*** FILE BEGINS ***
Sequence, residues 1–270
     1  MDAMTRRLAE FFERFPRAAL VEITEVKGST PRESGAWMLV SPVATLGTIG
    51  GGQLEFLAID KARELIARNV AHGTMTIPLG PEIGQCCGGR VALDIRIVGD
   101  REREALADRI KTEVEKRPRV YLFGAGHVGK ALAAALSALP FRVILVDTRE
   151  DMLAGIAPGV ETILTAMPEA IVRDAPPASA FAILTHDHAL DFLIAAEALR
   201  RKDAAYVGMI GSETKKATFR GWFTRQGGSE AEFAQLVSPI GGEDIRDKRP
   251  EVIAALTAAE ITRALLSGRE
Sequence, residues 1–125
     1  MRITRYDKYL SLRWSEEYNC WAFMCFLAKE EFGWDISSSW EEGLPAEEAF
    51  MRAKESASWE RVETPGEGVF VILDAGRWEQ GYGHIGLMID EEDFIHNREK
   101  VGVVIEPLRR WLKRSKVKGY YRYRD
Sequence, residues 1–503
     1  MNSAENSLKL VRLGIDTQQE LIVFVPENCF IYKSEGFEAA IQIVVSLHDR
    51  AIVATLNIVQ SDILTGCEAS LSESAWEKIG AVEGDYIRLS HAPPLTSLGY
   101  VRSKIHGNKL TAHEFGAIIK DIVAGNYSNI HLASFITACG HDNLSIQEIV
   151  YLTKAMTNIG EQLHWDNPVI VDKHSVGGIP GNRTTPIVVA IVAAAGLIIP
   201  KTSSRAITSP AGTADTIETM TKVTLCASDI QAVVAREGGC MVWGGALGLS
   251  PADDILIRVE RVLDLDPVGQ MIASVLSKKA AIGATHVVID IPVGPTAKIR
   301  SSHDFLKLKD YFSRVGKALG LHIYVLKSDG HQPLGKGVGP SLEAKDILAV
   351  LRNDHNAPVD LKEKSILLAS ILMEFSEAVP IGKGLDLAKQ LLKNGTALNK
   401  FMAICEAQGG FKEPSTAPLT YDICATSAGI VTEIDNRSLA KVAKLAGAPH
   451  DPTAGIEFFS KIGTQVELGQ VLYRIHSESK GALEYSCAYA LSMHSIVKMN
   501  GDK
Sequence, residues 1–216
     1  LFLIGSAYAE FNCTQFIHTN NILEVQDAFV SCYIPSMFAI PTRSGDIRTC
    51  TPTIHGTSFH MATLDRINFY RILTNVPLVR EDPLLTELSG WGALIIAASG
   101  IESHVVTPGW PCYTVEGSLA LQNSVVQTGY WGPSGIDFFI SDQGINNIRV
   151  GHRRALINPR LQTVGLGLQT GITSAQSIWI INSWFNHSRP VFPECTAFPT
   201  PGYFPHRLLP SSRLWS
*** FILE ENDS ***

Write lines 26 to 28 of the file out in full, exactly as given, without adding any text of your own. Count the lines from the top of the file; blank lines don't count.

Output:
    51  TPTIHGTSFH MATLDRINFY RILTNVPLVR EDPLLTELSG WGALIIAASG
   101  IESHVVTPGW PCYTVEGSLA LQNSVVQTGY WGPSGIDFFI SDQGINNIRV
   151  GHRRALINPR LQTVGLGLQT GITSAQSIWI INSWFNHSRP VFPECTAFPT